As reported across the UK national media this morning a rapid test that can help preserve the hearing of newborn babies is set to be used by NHS hospitals.
RNID helped kick start this breakthrough, by funding a pilot project back in 2016, and we wouldn’t have been able to do this without your support.
What has the research found?
For some babies, commonly used antibiotics such as gentamicin can cause hearing loss. Babies admitted to intensive care are usually given gentamicin within 60 minutes, but although the antibiotic is used to safely treat about 100,000 babies a year, one in 500 babies carry a gene that can make it cause permanent hearing loss.
The new test which analyses babies’ DNA can quickly identify those babies which are at risk of hearing loss from gentamicin, so they can be given a different antibiotic. It has been estimated that the new test could save the hearing of 200 babies in England alone every year.
How does gentamicin damage hearing?
Currently, gentamicin is used for newborn babies who develop a serious bacterial infection. It is life-saving and safe for the majority of people, however a small number of babies are born with a subtle change in their genetic code that means their hair cells are at risk of damage by the antibiotic.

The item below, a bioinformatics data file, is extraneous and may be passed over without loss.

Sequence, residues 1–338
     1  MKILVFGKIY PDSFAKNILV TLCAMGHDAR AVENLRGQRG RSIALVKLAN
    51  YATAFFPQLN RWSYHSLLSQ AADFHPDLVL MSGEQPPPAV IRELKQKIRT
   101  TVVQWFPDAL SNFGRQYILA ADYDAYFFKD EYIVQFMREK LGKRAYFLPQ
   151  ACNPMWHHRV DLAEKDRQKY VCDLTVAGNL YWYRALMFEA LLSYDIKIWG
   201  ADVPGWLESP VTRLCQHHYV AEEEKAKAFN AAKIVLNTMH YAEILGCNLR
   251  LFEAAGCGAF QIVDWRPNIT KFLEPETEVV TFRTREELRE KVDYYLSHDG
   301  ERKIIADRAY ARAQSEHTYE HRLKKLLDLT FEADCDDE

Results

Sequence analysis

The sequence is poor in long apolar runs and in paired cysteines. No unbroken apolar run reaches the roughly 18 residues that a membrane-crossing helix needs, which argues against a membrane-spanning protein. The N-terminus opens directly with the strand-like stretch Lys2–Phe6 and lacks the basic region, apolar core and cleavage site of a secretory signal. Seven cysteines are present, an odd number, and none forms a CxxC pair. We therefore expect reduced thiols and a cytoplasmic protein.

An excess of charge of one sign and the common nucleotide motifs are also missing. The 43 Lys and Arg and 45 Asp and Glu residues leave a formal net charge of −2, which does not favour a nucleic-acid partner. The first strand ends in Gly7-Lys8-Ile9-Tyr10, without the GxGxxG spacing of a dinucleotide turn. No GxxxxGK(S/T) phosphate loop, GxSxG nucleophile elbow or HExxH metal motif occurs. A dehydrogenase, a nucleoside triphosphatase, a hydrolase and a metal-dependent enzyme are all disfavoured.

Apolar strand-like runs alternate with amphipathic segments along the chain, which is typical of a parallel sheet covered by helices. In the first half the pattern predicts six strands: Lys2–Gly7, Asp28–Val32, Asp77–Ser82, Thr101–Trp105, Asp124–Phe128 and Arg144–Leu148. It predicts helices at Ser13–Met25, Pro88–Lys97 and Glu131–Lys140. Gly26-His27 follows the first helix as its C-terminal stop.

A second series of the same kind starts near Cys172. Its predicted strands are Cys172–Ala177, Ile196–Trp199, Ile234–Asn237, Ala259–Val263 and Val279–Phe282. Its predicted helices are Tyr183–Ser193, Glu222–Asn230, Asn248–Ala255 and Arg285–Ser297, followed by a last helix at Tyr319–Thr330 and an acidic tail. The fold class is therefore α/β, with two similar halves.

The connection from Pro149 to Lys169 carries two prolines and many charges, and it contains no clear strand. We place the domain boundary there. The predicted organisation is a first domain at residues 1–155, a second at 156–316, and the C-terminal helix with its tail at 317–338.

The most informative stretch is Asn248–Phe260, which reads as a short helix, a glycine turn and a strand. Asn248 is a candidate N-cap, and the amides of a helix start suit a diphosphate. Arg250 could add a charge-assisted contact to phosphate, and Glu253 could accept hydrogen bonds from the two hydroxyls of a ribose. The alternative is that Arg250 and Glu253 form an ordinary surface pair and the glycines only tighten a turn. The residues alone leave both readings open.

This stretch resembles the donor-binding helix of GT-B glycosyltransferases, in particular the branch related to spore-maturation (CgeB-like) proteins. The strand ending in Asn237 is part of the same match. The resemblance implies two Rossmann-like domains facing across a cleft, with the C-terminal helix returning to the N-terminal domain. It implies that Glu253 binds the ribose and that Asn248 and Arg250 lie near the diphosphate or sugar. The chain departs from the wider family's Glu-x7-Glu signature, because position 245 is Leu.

These tiny hair cells convert sounds into electrical signals. If they are damaged, it causes hearing loss. This side effect is well known, but until now there was no test that could get the results fast enough to show which babies are at risk.
The new genedrive kit analyses a sample taken from inside the baby’s cheek. Tests at two neonatal intensive care units in Manchester and Liverpool showed it could spot who was susceptible to hearing loss in 26 minutes, and using it did not delay treatment.
We are pleased that the National Institute for Health and Care Excellence (NICE) – which decides which drugs and technologies the NHS uses – has provisionally approved the new test.
The test will now be made available as part of an early assessment in a range of hospitals, to consider how well it works and what impact it has on antibiotic use, before it gets final approval.
What does RNID think?
Ralph Holme, Director of Research and Insight at RNID said;
“RNID and our supporters are delighted to see this research, which we helped to kickstart, lead to a simple test which can save the hearing of hundreds of babies a year, and we are pleased that the test has now been provisionally approved by NICE.
We look forward to the next steps as this test is rolled out to a range of hospitals, and eagerly anticipate all babies having access to this important test as soon as possible.”